Trailer: 1984 u-haul ct13; 1996 Casita 17 Spirit Deluxe; 1946 Modernistic teardrop
New York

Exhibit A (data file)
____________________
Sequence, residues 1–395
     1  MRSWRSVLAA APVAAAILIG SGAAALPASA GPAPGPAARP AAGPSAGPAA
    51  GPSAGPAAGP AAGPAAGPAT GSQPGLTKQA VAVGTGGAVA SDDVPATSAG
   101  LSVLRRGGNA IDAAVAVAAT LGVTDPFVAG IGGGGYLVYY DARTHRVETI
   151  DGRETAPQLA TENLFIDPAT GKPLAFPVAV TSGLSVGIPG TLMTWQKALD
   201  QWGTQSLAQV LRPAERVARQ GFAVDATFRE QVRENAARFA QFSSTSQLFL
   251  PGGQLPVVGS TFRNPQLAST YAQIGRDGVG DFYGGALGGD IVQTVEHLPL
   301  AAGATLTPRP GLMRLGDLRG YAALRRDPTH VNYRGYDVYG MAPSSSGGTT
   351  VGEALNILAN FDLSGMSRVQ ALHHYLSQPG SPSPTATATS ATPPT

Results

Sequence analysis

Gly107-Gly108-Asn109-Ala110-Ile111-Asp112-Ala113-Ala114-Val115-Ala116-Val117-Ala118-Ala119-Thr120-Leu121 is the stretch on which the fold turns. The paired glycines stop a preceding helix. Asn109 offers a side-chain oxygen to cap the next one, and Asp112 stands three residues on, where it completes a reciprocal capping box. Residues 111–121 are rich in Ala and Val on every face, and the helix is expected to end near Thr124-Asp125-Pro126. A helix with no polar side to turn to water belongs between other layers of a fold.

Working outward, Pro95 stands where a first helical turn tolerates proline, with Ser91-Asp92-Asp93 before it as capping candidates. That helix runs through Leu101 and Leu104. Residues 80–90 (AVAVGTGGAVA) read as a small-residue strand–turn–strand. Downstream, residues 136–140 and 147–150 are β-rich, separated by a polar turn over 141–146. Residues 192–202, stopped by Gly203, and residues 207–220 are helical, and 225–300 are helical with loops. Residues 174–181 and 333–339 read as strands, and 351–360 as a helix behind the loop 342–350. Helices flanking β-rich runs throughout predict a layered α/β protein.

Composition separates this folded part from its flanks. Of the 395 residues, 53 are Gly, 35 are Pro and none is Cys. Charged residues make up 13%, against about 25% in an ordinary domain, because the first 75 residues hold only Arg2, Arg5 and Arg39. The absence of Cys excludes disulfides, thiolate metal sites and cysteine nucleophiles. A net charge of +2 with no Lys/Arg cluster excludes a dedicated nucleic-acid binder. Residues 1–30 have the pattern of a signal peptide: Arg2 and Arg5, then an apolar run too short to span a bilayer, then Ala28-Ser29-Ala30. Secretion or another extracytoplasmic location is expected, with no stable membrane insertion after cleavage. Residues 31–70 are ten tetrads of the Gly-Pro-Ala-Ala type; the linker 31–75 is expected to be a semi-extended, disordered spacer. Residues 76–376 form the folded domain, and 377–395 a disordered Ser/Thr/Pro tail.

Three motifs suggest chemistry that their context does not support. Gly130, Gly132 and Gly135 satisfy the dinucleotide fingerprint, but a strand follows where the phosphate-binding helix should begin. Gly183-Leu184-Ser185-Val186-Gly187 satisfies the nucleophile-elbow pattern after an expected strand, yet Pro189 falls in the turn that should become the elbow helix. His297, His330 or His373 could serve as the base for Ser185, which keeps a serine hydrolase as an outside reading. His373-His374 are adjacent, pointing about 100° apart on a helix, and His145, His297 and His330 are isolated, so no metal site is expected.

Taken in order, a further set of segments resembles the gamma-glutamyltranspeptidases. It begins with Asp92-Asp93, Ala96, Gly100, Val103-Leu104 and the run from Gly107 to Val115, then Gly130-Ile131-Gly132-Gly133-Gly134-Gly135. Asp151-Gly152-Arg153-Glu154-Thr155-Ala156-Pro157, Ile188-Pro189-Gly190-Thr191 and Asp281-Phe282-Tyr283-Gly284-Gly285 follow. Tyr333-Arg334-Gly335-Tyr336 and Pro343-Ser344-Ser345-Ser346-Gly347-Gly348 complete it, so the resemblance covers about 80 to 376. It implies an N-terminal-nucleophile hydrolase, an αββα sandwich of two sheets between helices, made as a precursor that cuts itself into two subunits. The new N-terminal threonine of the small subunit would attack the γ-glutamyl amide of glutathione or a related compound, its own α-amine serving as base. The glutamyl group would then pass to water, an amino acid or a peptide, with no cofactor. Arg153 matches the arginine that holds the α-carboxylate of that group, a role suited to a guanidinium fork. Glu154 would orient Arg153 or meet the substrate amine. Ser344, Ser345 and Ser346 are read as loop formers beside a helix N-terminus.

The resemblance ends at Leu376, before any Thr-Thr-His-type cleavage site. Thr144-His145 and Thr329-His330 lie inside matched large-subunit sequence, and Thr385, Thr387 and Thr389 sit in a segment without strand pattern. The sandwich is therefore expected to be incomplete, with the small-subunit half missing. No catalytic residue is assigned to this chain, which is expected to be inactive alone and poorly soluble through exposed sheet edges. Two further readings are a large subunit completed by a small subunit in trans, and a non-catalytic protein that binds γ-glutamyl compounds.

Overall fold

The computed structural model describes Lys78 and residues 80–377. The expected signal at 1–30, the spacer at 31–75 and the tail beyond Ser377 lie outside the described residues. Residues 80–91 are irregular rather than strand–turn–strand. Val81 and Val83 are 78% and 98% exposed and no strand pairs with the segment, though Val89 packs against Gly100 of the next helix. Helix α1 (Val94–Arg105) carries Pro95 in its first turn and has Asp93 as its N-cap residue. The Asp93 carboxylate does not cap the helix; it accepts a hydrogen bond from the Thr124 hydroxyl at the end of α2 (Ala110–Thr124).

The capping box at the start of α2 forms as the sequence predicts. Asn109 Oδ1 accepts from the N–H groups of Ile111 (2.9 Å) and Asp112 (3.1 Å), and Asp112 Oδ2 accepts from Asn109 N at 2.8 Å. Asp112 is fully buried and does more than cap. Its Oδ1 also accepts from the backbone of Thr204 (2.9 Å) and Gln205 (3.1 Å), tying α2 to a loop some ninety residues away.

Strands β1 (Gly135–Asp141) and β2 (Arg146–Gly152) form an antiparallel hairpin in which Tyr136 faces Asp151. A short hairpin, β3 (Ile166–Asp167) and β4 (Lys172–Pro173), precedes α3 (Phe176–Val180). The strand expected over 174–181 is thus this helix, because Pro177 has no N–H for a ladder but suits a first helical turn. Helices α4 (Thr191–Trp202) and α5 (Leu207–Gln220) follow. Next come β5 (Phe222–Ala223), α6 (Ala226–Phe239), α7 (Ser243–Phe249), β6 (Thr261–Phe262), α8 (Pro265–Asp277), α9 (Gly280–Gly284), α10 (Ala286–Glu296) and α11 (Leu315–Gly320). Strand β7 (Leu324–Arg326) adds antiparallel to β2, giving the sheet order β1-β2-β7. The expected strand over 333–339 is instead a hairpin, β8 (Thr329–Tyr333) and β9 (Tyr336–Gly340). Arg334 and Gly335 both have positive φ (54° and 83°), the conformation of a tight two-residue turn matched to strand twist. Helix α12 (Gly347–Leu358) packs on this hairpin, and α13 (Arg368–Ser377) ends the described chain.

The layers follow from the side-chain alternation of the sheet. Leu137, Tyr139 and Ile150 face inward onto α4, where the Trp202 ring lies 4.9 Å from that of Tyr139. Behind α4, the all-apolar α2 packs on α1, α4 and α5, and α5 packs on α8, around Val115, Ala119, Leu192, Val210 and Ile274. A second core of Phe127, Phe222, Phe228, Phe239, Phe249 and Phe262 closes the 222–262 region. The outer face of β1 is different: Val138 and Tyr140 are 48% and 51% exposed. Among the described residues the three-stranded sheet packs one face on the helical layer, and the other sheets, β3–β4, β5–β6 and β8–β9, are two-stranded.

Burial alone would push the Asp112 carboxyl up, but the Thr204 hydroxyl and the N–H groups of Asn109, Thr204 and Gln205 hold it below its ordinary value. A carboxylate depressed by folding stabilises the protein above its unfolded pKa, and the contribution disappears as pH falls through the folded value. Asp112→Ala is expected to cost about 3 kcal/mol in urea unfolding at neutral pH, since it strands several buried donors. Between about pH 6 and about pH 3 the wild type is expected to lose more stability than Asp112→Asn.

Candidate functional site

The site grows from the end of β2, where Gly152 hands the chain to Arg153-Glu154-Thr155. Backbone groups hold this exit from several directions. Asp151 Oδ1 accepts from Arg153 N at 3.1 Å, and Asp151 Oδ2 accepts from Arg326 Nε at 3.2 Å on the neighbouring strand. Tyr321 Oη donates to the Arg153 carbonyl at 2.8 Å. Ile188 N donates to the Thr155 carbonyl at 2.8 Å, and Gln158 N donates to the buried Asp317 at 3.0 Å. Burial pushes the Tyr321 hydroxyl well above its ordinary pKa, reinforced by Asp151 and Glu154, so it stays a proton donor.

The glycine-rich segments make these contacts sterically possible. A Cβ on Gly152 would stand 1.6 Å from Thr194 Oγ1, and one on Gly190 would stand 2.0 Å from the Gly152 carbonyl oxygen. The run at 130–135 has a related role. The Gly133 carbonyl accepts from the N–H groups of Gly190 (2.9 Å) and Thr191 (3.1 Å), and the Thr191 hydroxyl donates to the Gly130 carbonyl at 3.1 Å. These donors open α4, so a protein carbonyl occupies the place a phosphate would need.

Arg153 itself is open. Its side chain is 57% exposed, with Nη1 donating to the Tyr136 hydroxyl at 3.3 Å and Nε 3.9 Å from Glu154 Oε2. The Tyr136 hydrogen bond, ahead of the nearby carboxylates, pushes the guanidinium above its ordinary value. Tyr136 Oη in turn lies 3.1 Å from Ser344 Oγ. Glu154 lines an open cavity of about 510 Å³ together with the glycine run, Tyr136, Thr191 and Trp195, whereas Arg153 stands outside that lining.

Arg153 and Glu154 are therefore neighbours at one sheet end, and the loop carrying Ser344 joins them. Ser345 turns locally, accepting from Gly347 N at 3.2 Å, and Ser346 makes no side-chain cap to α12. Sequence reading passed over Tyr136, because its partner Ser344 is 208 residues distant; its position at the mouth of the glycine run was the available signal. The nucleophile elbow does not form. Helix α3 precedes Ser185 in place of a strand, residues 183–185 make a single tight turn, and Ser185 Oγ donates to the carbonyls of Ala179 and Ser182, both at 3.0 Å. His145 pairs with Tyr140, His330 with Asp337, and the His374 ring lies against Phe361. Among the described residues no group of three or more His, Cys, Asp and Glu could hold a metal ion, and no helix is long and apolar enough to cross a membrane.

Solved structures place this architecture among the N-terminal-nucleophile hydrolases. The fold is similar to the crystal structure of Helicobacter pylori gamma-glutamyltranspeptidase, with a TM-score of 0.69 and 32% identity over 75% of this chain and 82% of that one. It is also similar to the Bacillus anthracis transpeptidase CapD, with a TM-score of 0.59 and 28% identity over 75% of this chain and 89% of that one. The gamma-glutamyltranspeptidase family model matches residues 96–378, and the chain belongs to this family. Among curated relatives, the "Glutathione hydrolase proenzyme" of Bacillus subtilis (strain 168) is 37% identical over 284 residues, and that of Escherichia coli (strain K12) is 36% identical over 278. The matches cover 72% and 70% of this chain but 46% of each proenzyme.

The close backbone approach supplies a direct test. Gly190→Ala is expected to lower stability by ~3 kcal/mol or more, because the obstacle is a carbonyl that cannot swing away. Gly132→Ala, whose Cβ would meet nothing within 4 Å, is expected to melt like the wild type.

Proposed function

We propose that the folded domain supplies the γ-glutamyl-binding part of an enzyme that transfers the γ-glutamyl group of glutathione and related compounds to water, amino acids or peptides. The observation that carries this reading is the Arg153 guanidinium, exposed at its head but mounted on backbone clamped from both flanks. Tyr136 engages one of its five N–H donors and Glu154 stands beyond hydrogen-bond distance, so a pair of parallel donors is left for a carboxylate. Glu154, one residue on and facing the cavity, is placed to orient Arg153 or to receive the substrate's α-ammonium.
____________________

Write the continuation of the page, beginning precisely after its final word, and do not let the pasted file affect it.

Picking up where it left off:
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Both trailers I'm referring to are Uhauls. One was sent out for fiberglass work, electrical work, and a professional paint job. Looks nice. The person using it is a friend of the owner and showed me some of the receipts. Said the owner would like to sell but figures he could never recover his investment. The other trailer I haven't seen yet, but the owner has taken it to a couple places for work that has not been satisfactory. I'm not sure of the details. I may get involved with some repairs on it. My point being; many sellers aren't aware of problems with what they are selling, and buyers find out too late that problems exist. Our Uhaul needed more work than I expected, but since we paid $2000, and I can do all the work myself, we still have a decent camper at an investment of around $3000 or so. If I had to pay someone to do all the repairs it would not have been worth it. Generally restored Boler, I'm not familiar with them, never seen one, so can't comment on value. But restored can be a debatable term, I would call restored to mean everything repaired or replaced and in like new condition. Others may call a trailer that's cleaned up, good tires, new upholstery, frame painted, in other words made to look nice, and call it restored. Boler owners can advise you better, I just don't want to see you jump into something and have it turn into a disaster. Or it may be a great deal. Would be great if someone with fiberglass trailer experience could go with you. At this time we are camping in the not so sunny south but at least avoiding the snow.